1 Peter 2:4-5, 9
The Rev. Dr. Robert S. Langworthy, preaching
May 28, 2017

Fewer and fewer Americans go to church anymore.

For that matter, fewer and fewer American Christians go to church anymore.

What explains this decline in church participation? Let’s today consider two factors: change in the culture, and failure in the church.

American culture has as a whole grown more secular (or less religious). Perhaps because we Americans have become so rich in things, we often lack that poverty of spirit which makes us feel our need of God and moves us to seek Him.

Furthermore, when we do feel the need of God, we can easily suppress or deny the feeling by the distractions of the 24/7 entertainment we now have at our fingertips. Thanks to our smart phones, thousand-channel televisions and the like, we can with almost no effort preoccupy ourselves with engaging diversions, and so ignore our deepest concerns, concerns about our character and our connection with God.

In an unprecedented way, it is now a breeze to get so caught up in other things that we lose touch with the most significant things. Thus, for many, it’s not so much that they doubt whether God is real, but that they doubt whether God is relevant to what grabs their attention. They don’t see what God has to do with their having fun, meeting basic needs, or becoming rich and famous.

Then there is this: Often even those who do keep in touch with their need of God doubt whether the church is relevant to their connecting with Him. These folks may not have lost interest in interacting with God, but they have lost any sort of appreciation of how the church might help in doing that.

The church has to own up to its failure here, and admit it has contributed mightily to people’s disinterest with organized religion. For sometimes we church people have been selfish in the practice of our faith. Some of us have thought more of how we like to have things than of how things need to be for those God wants us to serve. We have prioritized holding on to our traditions more than helping those who might have no faith, weak faith or misguided faith. We have failed to adjust nearly enough for what would work for them.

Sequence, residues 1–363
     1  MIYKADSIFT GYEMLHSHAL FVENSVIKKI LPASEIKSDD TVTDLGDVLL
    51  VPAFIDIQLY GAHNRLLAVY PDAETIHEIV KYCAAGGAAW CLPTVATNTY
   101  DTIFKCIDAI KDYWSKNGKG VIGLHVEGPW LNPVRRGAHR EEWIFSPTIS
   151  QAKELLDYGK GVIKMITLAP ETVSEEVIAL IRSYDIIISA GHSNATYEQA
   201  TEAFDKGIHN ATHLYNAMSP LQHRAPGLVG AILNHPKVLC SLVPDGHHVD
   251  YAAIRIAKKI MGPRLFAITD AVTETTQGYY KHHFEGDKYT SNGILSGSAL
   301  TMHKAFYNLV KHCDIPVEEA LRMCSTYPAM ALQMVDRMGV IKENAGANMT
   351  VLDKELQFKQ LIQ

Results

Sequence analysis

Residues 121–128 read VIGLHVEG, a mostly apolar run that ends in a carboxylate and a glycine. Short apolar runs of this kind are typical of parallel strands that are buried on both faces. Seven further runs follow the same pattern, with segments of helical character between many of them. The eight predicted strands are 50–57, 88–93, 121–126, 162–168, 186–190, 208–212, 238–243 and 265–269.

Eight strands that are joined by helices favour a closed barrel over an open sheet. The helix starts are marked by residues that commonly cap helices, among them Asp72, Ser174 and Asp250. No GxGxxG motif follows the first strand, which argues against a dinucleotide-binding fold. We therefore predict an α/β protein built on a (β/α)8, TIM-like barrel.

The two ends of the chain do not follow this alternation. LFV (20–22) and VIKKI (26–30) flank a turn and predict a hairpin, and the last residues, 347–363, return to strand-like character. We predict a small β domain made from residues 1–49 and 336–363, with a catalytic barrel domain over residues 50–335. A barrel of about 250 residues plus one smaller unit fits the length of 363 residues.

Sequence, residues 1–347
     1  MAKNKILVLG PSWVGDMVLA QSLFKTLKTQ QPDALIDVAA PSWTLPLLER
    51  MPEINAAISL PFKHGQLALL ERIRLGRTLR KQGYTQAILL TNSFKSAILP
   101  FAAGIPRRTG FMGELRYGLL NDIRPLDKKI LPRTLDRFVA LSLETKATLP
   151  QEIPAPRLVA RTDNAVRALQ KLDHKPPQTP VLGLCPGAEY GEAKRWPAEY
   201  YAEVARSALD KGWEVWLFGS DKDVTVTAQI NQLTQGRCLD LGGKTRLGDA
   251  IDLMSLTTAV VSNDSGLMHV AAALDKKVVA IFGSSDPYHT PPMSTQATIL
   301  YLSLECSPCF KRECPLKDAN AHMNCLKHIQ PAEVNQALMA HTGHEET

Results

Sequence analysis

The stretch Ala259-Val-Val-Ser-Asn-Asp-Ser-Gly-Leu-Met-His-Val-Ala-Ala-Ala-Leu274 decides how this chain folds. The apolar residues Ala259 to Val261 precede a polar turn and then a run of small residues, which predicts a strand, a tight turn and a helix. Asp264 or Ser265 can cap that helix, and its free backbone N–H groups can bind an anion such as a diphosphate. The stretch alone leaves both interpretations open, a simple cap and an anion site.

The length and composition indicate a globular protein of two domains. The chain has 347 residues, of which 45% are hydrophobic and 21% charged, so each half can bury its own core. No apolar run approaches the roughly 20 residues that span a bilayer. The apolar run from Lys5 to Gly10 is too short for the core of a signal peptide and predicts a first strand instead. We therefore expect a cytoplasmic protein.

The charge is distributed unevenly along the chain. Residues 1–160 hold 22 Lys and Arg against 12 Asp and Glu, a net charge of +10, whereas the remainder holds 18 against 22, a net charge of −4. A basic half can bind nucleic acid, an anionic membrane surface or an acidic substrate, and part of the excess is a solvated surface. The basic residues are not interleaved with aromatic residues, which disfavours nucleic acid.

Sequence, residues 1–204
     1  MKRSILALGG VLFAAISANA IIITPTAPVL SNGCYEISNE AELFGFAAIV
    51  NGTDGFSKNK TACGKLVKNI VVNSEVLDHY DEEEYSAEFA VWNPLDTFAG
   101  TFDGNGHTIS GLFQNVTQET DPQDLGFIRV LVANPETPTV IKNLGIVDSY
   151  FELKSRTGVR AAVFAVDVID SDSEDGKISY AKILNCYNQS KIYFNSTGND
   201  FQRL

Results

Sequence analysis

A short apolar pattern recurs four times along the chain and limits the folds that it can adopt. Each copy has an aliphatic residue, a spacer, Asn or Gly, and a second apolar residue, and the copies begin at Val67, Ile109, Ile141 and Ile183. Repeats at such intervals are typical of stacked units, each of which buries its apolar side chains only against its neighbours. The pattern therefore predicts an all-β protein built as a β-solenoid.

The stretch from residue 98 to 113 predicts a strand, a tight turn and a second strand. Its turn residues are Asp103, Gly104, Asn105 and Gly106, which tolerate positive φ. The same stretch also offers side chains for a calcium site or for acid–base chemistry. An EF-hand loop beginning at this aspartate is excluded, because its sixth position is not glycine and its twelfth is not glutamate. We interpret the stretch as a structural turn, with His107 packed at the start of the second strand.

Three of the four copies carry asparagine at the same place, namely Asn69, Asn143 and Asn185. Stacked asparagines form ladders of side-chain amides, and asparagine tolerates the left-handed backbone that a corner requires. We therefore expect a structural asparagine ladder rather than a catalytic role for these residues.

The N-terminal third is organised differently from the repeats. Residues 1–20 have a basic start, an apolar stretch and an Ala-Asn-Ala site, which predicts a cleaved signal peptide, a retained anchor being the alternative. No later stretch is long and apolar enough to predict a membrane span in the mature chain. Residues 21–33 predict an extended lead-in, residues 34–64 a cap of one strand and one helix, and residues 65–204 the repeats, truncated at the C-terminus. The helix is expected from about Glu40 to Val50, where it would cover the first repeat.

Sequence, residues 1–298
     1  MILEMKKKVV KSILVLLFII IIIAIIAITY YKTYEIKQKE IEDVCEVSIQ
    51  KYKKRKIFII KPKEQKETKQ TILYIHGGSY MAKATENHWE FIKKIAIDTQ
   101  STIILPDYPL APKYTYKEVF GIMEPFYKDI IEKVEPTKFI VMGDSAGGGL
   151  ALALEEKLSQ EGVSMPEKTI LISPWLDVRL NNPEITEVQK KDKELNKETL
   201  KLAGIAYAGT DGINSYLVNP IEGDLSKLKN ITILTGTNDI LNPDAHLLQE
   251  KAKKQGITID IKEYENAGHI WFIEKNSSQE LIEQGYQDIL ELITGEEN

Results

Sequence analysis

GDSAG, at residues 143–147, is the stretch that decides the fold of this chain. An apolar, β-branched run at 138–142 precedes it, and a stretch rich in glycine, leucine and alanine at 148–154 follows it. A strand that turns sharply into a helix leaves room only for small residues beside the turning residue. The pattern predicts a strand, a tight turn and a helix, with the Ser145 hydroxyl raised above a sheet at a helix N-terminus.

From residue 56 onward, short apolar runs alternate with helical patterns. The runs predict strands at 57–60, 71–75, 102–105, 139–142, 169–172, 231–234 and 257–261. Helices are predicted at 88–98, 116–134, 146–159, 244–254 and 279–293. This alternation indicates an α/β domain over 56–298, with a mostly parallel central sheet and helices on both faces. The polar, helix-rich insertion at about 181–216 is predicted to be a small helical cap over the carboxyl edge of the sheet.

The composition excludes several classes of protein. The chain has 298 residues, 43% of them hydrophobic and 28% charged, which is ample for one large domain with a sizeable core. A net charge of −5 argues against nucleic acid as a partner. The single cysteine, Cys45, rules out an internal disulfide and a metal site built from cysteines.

Too often, those of us already in church have taken God as our own possession to manage as we wish, and forgotten we are God’s possession to serve Him as He wishes. In particular, we have lost sight of the fact that God blesses us that we might in turn bless others.

Consider this analogy. A group of miners have been trapped underground by a cave-in. An avalanche of rocks blocks their escape but for one narrow passage through which the smallest of them might squeeze through to reach the world above. A few make it out of their underground tomb. But they are so thrilled to be breathing clear, fresh air again, and to be basking in warm, bright sunshine again, that they forget all about those left behind and never get around to running for help and digging the others out.

God saves us, not just for ourselves, but for those we might help get saved.

Selfishness is no more attractive when it is dressed up in religious clothes. Who would want to join a group of people who are more about themselves than anyone else? But who wouldn’t want to join a group of people who are warm and welcoming, loving and inclusive, and who radiate happiness and a desire to share it with everyone else?